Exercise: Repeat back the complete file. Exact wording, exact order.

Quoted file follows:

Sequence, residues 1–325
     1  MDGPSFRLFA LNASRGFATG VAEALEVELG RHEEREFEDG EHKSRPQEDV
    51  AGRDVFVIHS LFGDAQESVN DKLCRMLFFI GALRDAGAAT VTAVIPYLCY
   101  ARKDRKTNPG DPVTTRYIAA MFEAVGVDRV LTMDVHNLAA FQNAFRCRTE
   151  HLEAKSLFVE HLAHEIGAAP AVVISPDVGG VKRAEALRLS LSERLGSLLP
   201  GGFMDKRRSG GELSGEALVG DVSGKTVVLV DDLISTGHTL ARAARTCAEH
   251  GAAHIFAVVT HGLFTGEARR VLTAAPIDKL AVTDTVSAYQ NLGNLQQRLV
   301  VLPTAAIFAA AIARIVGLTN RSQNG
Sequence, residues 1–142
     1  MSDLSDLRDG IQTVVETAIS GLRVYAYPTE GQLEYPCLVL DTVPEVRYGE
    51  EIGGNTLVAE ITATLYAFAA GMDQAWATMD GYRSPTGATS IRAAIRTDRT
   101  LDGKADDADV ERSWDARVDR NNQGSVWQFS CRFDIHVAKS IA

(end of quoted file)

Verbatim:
Sequence, residues 1–325
     1  MDGPSFRLFA LNASRGFATG VAEALEVELG RHEEREFEDG EHKSRPQEDV
    51  AGRDVFVIHS LFGDAQESVN DKLCRMLFFI GALRDAGAAT VTAVIPYLCY
   101  ARKDRKTNPG DPVTTRYIAA MFEAVGVDRV LTMDVHNLAA FQNAFRCRTE
   151  HLEAKSLFVE HLAHEIGAAP AVVISPDVGG VKRAEALRLS LSERLGSLLP
   201  GGFMDKRRSG GELSGEALVG DVSGKTVVLV DDLISTGHTL ARAARTCAEH
   251  GAAHIFAVVT HGLFTGEARR VLTAAPIDKL AVTDTVSAYQ NLGNLQQRLV
   301  VLPTAAIFAA AIARIVGLTN RSQNG
Sequence, residues 1–142
     1  MSDLSDLRDG IQTVVETAIS GLRVYAYPTE GQLEYPCLVL DTVPEVRYGE
    51  EIGGNTLVAE ITATLYAFAA GMDQAWATMD GYRSPTGATS IRAAIRTDRT
   101  LDGKADDADV ERSWDARVDR NNQGSVWQFS CRFDIHVAKS IA